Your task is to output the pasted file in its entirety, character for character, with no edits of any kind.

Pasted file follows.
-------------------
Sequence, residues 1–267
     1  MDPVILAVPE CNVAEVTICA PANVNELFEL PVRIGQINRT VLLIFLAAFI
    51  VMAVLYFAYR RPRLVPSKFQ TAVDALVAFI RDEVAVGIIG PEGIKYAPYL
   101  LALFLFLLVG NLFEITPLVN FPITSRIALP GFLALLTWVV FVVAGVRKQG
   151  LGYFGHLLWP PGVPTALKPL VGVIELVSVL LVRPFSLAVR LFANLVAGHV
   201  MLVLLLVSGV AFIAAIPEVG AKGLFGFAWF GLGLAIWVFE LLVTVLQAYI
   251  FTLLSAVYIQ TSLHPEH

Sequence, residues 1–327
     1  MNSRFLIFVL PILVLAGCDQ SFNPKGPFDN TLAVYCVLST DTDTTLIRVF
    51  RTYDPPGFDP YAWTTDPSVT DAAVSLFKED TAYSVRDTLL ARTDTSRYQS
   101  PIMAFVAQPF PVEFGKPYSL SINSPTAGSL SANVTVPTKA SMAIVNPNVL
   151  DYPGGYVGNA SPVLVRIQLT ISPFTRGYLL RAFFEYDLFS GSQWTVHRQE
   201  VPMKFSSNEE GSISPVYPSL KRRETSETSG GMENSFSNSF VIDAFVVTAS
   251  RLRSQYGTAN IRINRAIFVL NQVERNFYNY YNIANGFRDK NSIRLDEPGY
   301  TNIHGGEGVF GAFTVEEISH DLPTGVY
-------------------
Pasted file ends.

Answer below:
Sequence, residues 1–267
     1  MDPVILAVPE CNVAEVTICA PANVNELFEL PVRIGQINRT VLLIFLAAFI
    51  VMAVLYFAYR RPRLVPSKFQ TAVDALVAFI RDEVAVGIIG PEGIKYAPYL
   101  LALFLFLLVG NLFEITPLVN FPITSRIALP GFLALLTWVV FVVAGVRKQG
   151  LGYFGHLLWP PGVPTALKPL VGVIELVSVL LVRPFSLAVR LFANLVAGHV
   201  MLVLLLVSGV AFIAAIPEVG AKGLFGFAWF GLGLAIWVFE LLVTVLQAYI
   251  FTLLSAVYIQ TSLHPEH

Sequence, residues 1–327
     1  MNSRFLIFVL PILVLAGCDQ SFNPKGPFDN TLAVYCVLST DTDTTLIRVF
    51  RTYDPPGFDP YAWTTDPSVT DAAVSLFKED TAYSVRDTLL ARTDTSRYQS
   101  PIMAFVAQPF PVEFGKPYSL SINSPTAGSL SANVTVPTKA SMAIVNPNVL
   151  DYPGGYVGNA SPVLVRIQLT ISPFTRGYLL RAFFEYDLFS GSQWTVHRQE
   201  VPMKFSSNEE GSISPVYPSL KRRETSETSG GMENSFSNSF VIDAFVVTAS
   251  RLRSQYGTAN IRINRAIFVL NQVERNFYNY YNIANGFRDK NSIRLDEPGY
   301  TNIHGGEGVF GAFTVEEISH DLPTGVY